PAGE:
“You haven’t been to class in a while,” I say. “We’ve missed you.” That’s the royal we, of course. Tiffany doesn’t seem to connect with many, or any, of her classmates.
She reaches into her overlarge purse for something, then seems to think better of it and places the bag on the edge of my desk.
“I was hoping we could discuss my term paper?”
She takes off the tight jacket she’s wearing, only to reveal an even tighter halter top. I try, though not hard enough, to avoid staring at her breasts.
“You sound a little surprised, Professor Nauer.”
“It’s just that,” I say, “I figured you needed me to sign a withdrawal form.”
“You’re kicking me out?”
“Wait, no, of course not. If you’d like to stay, you’re more than welcome.” The last thing I want is for her to drop. “But it’s not going to be easy to pass since you’ve missed so much.” I point at the heap of blue books. “Both exams, for example.”
Tiffany slides forward in her chair and gazes over at me. She’s hauntingly attractive. Without warning, she touches my left leg and asks, “Isn’t there anything I can do?”
I sit bolt upright. I’ve been subjected to enough long-winded, mandatory trainings to know how vulnerable I am right now. I should ask Tiffany to leave, then report what just occurred. Only couldn’t she just as easily claim I touched her? The office door is closed; it would be my word against hers. The best thing I can imagine happening is I’ll be fired—which, in the adjunct world, simply means my one-year contract won’t be renewed. Given my history, I don’t even want to consider what the worst might be. At any rate, I feel a hot bulge in my pants, so I can’t even stand to open the door without making a complete ass of myself.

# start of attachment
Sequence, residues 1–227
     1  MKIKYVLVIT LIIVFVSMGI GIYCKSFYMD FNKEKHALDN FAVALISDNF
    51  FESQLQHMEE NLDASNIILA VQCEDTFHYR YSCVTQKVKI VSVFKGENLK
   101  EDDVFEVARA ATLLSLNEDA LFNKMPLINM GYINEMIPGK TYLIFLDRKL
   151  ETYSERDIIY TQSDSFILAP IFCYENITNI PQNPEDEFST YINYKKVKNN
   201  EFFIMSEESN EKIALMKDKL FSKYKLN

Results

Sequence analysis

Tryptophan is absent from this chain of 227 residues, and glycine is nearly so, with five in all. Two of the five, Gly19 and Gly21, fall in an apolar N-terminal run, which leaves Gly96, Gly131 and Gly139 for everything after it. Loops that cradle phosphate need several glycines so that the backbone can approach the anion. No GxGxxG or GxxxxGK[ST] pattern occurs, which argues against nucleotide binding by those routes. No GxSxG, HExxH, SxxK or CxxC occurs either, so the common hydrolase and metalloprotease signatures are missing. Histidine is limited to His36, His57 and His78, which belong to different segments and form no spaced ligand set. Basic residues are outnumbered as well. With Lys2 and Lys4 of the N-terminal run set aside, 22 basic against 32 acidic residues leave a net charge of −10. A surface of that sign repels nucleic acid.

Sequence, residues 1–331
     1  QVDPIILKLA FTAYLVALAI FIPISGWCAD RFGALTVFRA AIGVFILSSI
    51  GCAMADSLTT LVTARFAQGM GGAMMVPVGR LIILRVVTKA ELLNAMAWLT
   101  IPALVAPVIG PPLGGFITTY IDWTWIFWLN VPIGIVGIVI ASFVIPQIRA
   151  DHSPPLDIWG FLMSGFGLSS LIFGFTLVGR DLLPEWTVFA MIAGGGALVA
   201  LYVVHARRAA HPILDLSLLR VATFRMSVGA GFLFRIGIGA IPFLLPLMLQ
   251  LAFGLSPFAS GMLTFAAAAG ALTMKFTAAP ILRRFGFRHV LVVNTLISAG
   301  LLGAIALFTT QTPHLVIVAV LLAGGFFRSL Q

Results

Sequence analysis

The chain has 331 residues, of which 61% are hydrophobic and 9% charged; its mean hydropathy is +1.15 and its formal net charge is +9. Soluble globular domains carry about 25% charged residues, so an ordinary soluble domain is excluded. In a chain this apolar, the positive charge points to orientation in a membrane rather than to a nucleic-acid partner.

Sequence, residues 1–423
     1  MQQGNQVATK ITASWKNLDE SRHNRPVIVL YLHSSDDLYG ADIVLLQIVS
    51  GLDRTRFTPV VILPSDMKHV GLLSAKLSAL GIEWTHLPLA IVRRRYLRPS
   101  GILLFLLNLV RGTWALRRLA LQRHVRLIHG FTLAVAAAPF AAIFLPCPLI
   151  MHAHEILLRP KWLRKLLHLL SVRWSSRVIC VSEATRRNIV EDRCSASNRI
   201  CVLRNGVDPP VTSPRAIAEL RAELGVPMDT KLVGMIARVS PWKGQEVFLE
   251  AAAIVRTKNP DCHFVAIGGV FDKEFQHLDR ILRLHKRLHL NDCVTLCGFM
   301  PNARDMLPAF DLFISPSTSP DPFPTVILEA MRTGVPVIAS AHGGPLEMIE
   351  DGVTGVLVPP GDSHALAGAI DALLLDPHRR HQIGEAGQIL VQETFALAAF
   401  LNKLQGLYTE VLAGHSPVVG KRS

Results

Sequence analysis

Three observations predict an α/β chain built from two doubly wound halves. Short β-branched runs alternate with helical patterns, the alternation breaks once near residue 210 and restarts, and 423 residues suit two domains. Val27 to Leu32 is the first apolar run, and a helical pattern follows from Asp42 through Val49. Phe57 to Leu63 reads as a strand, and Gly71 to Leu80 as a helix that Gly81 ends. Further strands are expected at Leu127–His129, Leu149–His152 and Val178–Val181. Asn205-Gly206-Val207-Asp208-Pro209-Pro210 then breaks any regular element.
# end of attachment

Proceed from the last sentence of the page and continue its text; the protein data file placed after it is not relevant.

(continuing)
“I could help you with that, y’know.”
“I’m sorry?” I say. My grin couldn’t be more sheepish.
“Don’t be embarrassed. With your stiffy.”
Without thinking, I say, “You’re ravishing, Tiffany.”
“What do you mean?”
“I mean you’re—really hot.”
My response seems to please her. She places her hand back on my thigh. This time, I don’t move away.
“Just tell me what you want,” she says.
“What do you mean?”
“Anything, Professor. But I need help, too.”
“That’s hard to imagine, Tiffany. A girl like you.”
“Will you help me, Professor? Please?”
I know this conversation has gone beyond the limits of any reasonable person’s sense of decency. Memories of the scandal even flash through my mind, the accusations and headlines and TV news coverage, the three days I spent in jail with Jamaal and Roscoe. But she’s just such an angel, which, I conclude, is one of the perks of teaching at a Catholic university. I can’t help myself. And after all I’ve suffered as an academic gypsy, the last-minute course assignments and shitty schedules, the terrible pay and scorn of students and faculty, don’t I deserve her?
“I’ll do whatever I can,” I hear myself say. “Anything.”
She leans forward, cupping her breasts, and says, “Will you touch me here?”
Tiffany slides a hand slowly up her thigh. “And how about here?”
“Good,” she says. Then she reaches forward and unbuckles my belt. She struggles a little, given my gut. “But first let me make you feel good.”
She stands, then slips two fingers between her pouty lips. She sucks and slurps on them so noisily, I suspect students in their dorms and colleagues in their classrooms and the university president himself in his office on the far side of the quad can hear her.
“Do you like that?”
“Do you want some more?”
“You know it.”